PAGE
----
The fresh crop of leaders expected to take their place in the world post the 18th National Congress of the Chinese Communist Party, which starts in Beijing on November 8th, will inherit a China not only riddled with a slowing economy, corruption and myriad social problems but also one that is in the vast throes of corporate progress. As the new leaders walk stoic down the Great Hall of the People, they might just smell change in the air.
A rapidly progressing, globalizing and drastically transforming China, has brought with it not only social and political alterations, but is also quickly changing the way one does business in China. Corporate structures are aligning themselves more to western working principals while still maintaining Chinese characteristics employees are seeing higher pay scales and private companies once a rare gem in the Middle Kingdom’s treasury are now beginning to shine.
Last year, about 45 percent of China’s outbound direct investment in the non-financial sector came from non-State-owned enterprises. Though State Owned Enterprises still account for about 90 percent of China’s cumulative ODI by the end of 2011, the proportion by private investors will continue expanding as the government supports investors seeking overseas projects, Shi Ziming, commercial counselor at the Department of Outward Investment and Economic Cooperation of the Ministry of Commerce told China Daily.
The government has already made its intentions of boosting the private sector in the 12th Five Year Plan (2011-15), which emphasizes the need for private enterprises to scale up through global expansion.
Over the years, a majority of business and trade delegations that have visited India have come through the official route as a dikat from Beijing to explore new neighboring markets. Now, fueled by a new zest for profits, greater expansion and exploiting new markets, an increasing number of private firms are sowing their seeds in India. Flush with funds, with a zeal to tap into the Indian market, a nation where they value the deep historical and cultural ties, private companies are making their mark in India.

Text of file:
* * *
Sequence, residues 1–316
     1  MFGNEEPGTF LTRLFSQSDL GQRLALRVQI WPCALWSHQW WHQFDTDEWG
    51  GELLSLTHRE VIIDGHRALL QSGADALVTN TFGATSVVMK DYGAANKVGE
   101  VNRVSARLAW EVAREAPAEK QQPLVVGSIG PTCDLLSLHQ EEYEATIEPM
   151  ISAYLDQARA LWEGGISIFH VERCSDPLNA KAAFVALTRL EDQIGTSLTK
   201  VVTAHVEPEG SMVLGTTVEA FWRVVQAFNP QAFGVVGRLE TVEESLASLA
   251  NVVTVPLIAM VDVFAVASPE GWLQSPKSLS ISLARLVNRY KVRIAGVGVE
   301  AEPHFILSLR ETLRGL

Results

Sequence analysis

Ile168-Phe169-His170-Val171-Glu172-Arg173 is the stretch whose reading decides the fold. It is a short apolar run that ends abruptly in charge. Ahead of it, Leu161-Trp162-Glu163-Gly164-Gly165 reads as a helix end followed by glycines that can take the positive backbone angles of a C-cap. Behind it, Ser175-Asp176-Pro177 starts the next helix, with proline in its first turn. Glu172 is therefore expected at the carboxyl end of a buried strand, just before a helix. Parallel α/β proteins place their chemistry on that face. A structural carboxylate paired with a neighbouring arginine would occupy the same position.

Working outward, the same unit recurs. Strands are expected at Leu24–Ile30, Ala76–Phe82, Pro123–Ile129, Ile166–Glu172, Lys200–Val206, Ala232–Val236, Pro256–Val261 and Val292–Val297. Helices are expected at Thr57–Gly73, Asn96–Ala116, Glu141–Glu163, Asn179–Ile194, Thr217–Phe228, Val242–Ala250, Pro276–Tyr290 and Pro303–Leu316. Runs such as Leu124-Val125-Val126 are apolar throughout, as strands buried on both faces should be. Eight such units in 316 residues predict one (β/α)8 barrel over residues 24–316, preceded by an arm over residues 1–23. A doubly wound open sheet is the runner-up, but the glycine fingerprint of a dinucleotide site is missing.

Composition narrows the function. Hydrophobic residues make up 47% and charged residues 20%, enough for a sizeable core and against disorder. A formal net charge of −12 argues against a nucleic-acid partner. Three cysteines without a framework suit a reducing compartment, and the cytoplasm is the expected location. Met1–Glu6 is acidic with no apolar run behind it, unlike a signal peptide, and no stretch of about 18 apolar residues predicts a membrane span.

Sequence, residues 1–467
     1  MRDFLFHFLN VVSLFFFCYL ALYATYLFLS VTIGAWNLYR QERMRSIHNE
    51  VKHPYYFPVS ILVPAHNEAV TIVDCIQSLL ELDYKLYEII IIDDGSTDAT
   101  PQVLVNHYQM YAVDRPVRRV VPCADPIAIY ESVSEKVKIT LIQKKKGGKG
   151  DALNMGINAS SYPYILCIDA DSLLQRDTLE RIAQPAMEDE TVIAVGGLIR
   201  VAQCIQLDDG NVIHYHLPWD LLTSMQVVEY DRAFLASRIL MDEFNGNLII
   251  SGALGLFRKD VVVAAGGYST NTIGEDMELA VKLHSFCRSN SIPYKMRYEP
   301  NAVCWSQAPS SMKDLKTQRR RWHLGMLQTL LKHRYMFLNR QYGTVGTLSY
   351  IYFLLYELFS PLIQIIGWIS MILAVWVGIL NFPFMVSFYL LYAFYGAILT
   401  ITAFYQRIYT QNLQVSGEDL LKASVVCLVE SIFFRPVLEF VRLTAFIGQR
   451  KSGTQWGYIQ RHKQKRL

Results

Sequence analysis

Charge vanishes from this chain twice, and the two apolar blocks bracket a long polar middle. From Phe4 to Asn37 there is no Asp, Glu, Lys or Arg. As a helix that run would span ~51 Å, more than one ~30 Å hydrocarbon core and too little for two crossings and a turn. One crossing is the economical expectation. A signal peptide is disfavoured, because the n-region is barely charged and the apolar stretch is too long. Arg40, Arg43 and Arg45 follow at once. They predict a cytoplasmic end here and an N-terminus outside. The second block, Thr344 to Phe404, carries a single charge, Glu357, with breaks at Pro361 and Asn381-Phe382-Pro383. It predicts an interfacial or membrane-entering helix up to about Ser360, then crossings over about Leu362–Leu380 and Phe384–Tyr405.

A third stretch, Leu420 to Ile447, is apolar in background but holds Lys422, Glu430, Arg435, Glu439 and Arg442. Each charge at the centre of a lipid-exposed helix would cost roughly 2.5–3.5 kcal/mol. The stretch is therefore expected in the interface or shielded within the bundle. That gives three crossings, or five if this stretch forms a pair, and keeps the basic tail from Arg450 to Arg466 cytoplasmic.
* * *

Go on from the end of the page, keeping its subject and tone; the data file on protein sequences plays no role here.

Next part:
Over the last three months, Inchin Closer has been privy to two large conglomerates that have shown a keen interest in India and are willing to make massive investments into India’s infrastructure and machinery sectors. These companies, don’t want to have anything to do with Beijing, headed and fully owned by entrepreneurs who have made it solely on their own, these companies are raring to expand into India.
Other examples of Chinese private companies spreading their wings include – heavy machinery firm Sany Heavy Industrial Co Ltd. Earlier this year the Chinese company bought a 90 percent stake in German concrete pump manufacturer Putzmeister for 324 million euros (US$407 million).
Private companies are also the idea partners for international firms to tie-up with as they then come from the same work culture and have the same goals. In June 2010, Fosun International Ltd, a privately owned Chinese conglomerate, acquired a 7.1 percent stake in Club Med, a French holiday resort operator. By the end of 2010, Club Med opened its first resort in China at Yabuli in Heilongjiang province with assistance from Fosun.
Private companies will and continue to dominate the Indian landscape, while government-owned companies are relegated second-hand treatment. However, in China the opposite was always true. Until now when sprouts of this new transformation are beginning to take place. Funded by private equity from the west, but mostly from Hong Kong and Singapore where most of them already have offices, private Chinese companies are gaining strength in the Chinese economic landscape.
The alteration, is as a result changing the way employees are recruited, what is demanded of them, how operations are managed and the way decisions are made. China is slowly but surely becoming more professional, profit driven and aggressive. Working for a profit motive has never been the apparent ethic of a Chinese company, yet private firms seek better bottom lines. The transformation yet, doesn’t mean that China will lose her Confucian character, but it will definitely mean that people will earn more, compete more aggressively and improve operational inefficiencies, all traits of a capitalist order.
The growing number of private firms, either started by entrepreneurs or bought out by private equity, will definitely also add to the pressure burden of the new political leaders. A changing corporate landscape will mean that Chinese leaders who have always dealt with the public sector, worked for public good and been privy to massive reserves for funds, will have to learn to adapt to a new breed of executives. This might be a huge challenge.